Now we’ve come full circle … different name, same teams. I think it’s a great conference. I really believe we had to (leave the WAC) from a football and an Athletics Department standpoint. This gives us credibility and stability. I think the old fans will appreciate the rivalries we’ll be renewing and enjoy continuing the rivalries we now have with Fresno State and Nevada and Boise State.

I also think it was important to the state that we remained a Division-I program. I really don’t believe the people of Hawaii want or would support a I-AA program, and right now we have a saturated WAC that seems to be not adding … you know … I’m sure (Denver, Texas-San Antonio and Texas State will) be quality members eventually; they could be the next Boise States and Nevadas that were I-AA at one time. But I really believe our program needs to be in a strong Division-I conference at this time.

Q: What was going through your mind during the speculation about what UH should do after Fresno State and Nevada joined Boise State in leaving the WAC?

A: I think there was tremendous trepidation in not knowing if this program was going to exist anymore on the level it had.

As a coach, obviously, you have to be thinking if this league doesn’t become stronger and we have no possibility of moving, everything from attendance to television rights to sponsorships … it could possibly be the end of everything we have here.

As an assistant coach you’re always on a one-year contract anyway, but this was more important for me because I bleed green. This is my home. This is my alma mater. This is where I’ve worked for the last 12 years. Even as a professional football player, I always wanted to eventually come back and coach and help the youth of Hawaii.

I also thought back to those doomsday scenarios during the Fred vonAppen days (UH head coach, 1996-98), when people were asking, "Do we really want a Division-I team?"

I just couldn’t see how that would succeed.

Q: So you believe there was real danger that the program could have disappeared?

A: Oh, most definitely. And you have to give credit to the powers that be — the president (M.R.C. Greenwood), (Vice President) Rockne Freitas, (Board of Regents Executive Administrator) Keith Amemiya, (Athletic Director) Jim Donovan, the chancellor (Virginia Hinshaw) — all the people who made this thing work.

It was getting scary, especially in recruiting. It was tough, because you had to sell the recruits on scenarios. Other (teams’) coaches were telling the kids: "Well, look who’s in their conference. Look at who they’ll be playing. Are they ever going to be on ESPN again? Are they still going to be relevant?" So we’re out there and we’re having to create these scenarios where maybe we’re going to the Mountain West or maybe we’re going independent and be able to play whoever we want. So the timing (of joining the Mountain West) couldn’t have been better.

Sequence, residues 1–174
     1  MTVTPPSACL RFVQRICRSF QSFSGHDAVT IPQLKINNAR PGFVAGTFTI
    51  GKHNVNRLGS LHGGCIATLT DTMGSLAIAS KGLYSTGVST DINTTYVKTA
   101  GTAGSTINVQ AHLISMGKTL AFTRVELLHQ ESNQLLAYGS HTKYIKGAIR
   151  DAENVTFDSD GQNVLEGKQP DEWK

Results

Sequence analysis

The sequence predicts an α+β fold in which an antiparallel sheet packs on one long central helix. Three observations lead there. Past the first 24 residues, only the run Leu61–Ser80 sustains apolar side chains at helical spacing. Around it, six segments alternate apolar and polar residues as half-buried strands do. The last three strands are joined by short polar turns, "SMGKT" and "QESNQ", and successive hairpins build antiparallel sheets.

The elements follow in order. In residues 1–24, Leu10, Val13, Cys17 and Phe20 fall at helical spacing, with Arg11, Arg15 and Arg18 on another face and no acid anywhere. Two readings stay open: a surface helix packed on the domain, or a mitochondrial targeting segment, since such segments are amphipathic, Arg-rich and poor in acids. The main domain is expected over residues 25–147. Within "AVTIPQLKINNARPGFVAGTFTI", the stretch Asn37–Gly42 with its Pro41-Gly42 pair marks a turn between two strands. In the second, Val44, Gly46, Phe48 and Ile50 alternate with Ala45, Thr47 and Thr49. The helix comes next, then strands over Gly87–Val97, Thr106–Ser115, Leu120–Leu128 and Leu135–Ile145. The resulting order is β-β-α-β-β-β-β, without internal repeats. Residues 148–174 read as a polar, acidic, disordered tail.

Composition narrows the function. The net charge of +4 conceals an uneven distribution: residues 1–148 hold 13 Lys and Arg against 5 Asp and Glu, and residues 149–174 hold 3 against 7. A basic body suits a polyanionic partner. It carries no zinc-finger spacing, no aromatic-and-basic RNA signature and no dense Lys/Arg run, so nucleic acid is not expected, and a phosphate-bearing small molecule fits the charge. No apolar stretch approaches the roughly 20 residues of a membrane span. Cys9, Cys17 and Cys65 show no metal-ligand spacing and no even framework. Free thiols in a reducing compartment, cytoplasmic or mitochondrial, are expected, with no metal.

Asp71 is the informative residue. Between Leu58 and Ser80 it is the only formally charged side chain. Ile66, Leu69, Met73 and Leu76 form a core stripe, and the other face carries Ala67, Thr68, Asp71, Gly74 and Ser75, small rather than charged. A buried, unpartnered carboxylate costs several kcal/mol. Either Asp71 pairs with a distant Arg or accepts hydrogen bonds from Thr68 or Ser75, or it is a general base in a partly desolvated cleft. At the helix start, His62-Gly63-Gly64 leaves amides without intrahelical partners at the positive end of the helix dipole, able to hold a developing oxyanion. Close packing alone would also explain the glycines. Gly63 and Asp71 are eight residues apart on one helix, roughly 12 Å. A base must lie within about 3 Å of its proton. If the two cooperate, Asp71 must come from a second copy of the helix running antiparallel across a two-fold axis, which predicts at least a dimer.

Q: How has the UH football program changed from when you played?

A: One thing is that when I was a senior, our average attendance was 47,000 … and I’m not saying we haven’t been able to captivate the fans as much because I think they’re still there. It’s just that they have a lot of different avenues available to view us. But that (2008) Sugar Bowl year … it was something else, something we haven’t seen since maybe the Fabulous Five in the way it just captivated the whole community.

Back in my days we played some big teams like USC, and we had a couple of big victories, but we didn’t get to play in bowl games. There wasn’t a proliferation of bowl games, so unless you went 11-1 or 10-2, you weren’t going anywhere.

But this has always been a successful program. It’s had ups and downs, but right now, if you’re a recruit, why wouldn’t you want to come here? It’s the most beautiful place on the Earth, we have great facilities, great fans, we’re going to be playing great competition in our new conference.

But it’s our job — it’s Coach (Greg) McMackin’s job, it’s our job as assistant coaches — to be the stewards of this program and continue to move it forward.

People think getting to a BCS bowl game is once in a lifetime, but why couldn’t we do it again? Boise State’s done it. Utah’s done it. If we had won that (Sugar Bowl) game, it would have transcended anything that happened before in Hawaii sports. People would still be talking about it 20, 30, 50 years down the line.

But we didn’t get it done, so the way I look at it, we still have some unfinished business.